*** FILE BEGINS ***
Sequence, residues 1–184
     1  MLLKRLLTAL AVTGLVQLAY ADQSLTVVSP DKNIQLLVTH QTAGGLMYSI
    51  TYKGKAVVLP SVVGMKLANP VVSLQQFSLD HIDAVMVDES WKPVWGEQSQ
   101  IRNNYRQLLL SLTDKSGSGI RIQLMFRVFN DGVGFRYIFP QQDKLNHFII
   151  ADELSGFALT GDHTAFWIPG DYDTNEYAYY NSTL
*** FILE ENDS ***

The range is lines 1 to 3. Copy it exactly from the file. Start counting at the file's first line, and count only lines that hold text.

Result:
Sequence, residues 1–184
     1  MLLKRLLTAL AVTGLVQLAY ADQSLTVVSP DKNIQLLVTH QTAGGLMYSI
    51  TYKGKAVVLP SVVGMKLANP VVSLQQFSLD HIDAVMVDES WKPVWGEQSQ